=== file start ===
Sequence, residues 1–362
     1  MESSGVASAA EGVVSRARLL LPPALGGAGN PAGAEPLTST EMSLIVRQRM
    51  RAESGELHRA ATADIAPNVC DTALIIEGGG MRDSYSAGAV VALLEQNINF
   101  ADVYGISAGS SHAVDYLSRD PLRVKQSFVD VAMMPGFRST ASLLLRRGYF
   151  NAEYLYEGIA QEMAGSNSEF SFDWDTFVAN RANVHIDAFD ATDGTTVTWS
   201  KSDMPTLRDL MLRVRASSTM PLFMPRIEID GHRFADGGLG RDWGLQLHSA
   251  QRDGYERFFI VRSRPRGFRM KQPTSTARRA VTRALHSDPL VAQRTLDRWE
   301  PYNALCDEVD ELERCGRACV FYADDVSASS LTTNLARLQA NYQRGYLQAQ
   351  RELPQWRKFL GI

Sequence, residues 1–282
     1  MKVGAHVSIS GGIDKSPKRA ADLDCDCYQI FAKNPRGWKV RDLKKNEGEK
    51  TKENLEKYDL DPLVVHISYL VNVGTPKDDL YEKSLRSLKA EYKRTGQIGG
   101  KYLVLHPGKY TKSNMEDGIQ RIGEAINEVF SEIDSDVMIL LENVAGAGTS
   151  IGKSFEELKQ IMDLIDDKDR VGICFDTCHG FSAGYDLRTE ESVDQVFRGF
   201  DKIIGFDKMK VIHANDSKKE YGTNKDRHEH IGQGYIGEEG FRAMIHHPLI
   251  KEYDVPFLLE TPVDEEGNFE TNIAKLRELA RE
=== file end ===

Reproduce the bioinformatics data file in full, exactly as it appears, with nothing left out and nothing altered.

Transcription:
Sequence, residues 1–362
     1  MESSGVASAA EGVVSRARLL LPPALGGAGN PAGAEPLTST EMSLIVRQRM
    51  RAESGELHRA ATADIAPNVC DTALIIEGGG MRDSYSAGAV VALLEQNINF
   101  ADVYGISAGS SHAVDYLSRD PLRVKQSFVD VAMMPGFRST ASLLLRRGYF
   151  NAEYLYEGIA QEMAGSNSEF SFDWDTFVAN RANVHIDAFD ATDGTTVTWS
   201  KSDMPTLRDL MLRVRASSTM PLFMPRIEID GHRFADGGLG RDWGLQLHSA
   251  QRDGYERFFI VRSRPRGFRM KQPTSTARRA VTRALHSDPL VAQRTLDRWE
   301  PYNALCDEVD ELERCGRACV FYADDVSASS LTTNLARLQA NYQRGYLQAQ
   351  RELPQWRKFL GI

Sequence, residues 1–282
     1  MKVGAHVSIS GGIDKSPKRA ADLDCDCYQI FAKNPRGWKV RDLKKNEGEK
    51  TKENLEKYDL DPLVVHISYL VNVGTPKDDL YEKSLRSLKA EYKRTGQIGG
   101  KYLVLHPGKY TKSNMEDGIQ RIGEAINEVF SEIDSDVMIL LENVAGAGTS
   151  IGKSFEELKQ IMDLIDDKDR VGICFDTCHG FSAGYDLRTE ESVDQVFRGF
   201  DKIIGFDKMK VIHANDSKKE YGTNKDRHEH IGQGYIGEEG FRAMIHHPLI
   251  KEYDVPFLLE TPVDEEGNFE TNIAKLRELA RE